How are Melasma and Sun Damage different?


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It is not uncommon for men and women to confuse sun damage with melasma as both conditions involve pigmentation on the face. Despite the similarities in pigmentation, melasma and sun damage are actually quite different. The source of the discoloration is the major difference between the two melasma and sun damage. For example, melasma is caused by pigmentation (melanocytes) that is generated in response to hormonal fluctuations. Because it is related to hormonal changes (pregnancy, menopause, oral contraceptives, etc.) it is considered chronic and has no cure. The idea behind melasma treatment is to control and suppress the formation of new pigmented cells thereby minimizing the appearance of melasma. One of the challenges in treating melasma is that is can occur in the dermis (deep skin layer). Because the condition can be rooted deep in the skin, the condition can be sometimes be resistant to treatment.

 

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Melasma Treatment Before and After Pictures

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Sun Damage Before and After Pictures

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In contrast, the pigment associated with sun damage (solar lentigines, seborrheic keratosis, freckles, sun spots, liver spots) lies closer to the surface of the skin and is much less challenging to treat. Existing sun damage is effectively treated with class IV medical lasers whereas melasma may be better addressed with topical preparations. Q-switched (very short pulsed and high powered) laser technology is very effective at breaking down the pigment associated with sun damage in several treatments. This technology also has the benefit of completely destroying the cells associated with the pigment. This means that new cells replace the old ones and do not contain the same pigment that was present previously. With q-switched laser technology, we are able to completely remove most age spots and sun damage.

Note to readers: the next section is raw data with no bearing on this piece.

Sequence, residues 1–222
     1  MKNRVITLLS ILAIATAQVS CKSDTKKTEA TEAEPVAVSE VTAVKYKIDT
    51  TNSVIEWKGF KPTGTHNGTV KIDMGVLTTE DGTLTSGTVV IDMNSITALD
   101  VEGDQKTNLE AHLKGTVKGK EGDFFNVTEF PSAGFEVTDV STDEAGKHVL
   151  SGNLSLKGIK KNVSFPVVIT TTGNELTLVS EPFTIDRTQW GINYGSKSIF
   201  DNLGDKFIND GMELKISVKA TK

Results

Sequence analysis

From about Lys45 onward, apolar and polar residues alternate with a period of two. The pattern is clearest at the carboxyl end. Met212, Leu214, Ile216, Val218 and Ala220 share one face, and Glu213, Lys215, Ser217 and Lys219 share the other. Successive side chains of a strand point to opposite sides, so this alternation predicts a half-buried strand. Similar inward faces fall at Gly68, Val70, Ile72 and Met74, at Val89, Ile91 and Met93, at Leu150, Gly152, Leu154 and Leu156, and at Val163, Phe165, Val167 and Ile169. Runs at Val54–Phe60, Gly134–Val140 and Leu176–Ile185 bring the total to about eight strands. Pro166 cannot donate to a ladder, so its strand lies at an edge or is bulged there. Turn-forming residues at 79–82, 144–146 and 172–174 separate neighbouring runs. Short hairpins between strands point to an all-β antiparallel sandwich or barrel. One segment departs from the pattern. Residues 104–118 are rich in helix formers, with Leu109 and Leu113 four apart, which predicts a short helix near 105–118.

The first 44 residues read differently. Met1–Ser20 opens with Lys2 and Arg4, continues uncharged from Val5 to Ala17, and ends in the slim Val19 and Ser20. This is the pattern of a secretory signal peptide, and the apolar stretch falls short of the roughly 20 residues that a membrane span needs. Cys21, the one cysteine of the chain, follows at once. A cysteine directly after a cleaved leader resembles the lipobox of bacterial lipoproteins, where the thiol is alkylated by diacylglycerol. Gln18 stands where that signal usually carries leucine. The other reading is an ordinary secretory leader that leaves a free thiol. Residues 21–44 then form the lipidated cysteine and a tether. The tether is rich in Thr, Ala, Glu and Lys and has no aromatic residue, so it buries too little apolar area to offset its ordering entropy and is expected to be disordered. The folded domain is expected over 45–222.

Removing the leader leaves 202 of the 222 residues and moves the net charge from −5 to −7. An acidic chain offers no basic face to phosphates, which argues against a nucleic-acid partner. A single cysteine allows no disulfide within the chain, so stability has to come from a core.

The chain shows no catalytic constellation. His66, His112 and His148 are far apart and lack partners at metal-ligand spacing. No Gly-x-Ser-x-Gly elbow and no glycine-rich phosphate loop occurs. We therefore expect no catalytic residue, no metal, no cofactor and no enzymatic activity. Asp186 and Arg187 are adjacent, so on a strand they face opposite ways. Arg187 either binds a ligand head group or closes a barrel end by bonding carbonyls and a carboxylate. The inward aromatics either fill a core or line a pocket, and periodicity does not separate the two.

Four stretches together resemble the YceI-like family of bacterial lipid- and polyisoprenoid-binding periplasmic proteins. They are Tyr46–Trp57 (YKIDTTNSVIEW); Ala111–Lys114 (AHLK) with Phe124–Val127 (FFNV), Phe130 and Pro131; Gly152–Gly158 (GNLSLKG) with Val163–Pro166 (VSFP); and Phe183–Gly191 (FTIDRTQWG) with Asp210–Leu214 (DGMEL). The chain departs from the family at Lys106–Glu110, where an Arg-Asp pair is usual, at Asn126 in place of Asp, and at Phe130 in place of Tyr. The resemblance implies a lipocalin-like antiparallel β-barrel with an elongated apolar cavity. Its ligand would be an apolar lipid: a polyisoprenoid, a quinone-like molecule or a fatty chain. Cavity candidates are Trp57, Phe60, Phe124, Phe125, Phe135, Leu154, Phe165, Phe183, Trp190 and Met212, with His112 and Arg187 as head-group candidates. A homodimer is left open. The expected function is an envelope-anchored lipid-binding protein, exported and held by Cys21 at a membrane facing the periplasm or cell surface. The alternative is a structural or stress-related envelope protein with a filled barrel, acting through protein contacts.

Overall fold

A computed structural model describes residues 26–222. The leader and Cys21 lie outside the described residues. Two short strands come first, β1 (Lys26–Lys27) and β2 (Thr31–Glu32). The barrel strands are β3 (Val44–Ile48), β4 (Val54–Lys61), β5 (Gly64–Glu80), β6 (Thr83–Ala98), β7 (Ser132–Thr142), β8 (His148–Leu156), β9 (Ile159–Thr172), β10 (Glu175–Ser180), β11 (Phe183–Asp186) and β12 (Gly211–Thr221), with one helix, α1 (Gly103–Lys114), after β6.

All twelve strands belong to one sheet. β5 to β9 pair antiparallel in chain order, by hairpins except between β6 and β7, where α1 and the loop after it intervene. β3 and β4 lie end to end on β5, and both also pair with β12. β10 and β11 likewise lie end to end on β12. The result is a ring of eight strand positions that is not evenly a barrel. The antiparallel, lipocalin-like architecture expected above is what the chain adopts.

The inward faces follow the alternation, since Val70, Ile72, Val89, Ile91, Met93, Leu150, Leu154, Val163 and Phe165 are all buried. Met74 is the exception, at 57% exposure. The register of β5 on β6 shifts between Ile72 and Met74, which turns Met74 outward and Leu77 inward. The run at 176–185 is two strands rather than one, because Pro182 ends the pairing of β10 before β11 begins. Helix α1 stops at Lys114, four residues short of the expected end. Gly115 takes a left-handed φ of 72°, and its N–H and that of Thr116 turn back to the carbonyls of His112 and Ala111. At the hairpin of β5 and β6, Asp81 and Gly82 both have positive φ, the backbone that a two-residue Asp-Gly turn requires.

The following descriptions highlight the differences between melasma and sun damage.

Melasma:

- Light to dark brown patches usually seen on the forehead, cheeks, chin, upper lip.

- Very symmetrical in appearance on both sides of the face.

- Discoloration may be dense pigment and may lie on the epidermis (upper layer of skin), dermis (lower layer of skin), or   combination of both.

- Linked to hormonal changes and considered a chronic, recurring condition. .

- Sun exposure, heat and humidity may exacerbate condition.

 

Sun Damage (Sun Spots, Age Spots, Freckles, etc.):

- Appears randomly on all areas of the face.

- Usually not symmetrical, may be patchy or scattered.

- May be associated with textural changes to the skin also known as photodamaged skin (lines, wrinkles, etc.)  

- Not related to hormonal changes but directly linked to sun exposure.

- Responds well to lasers.

- Not considered a chronic condition.

 

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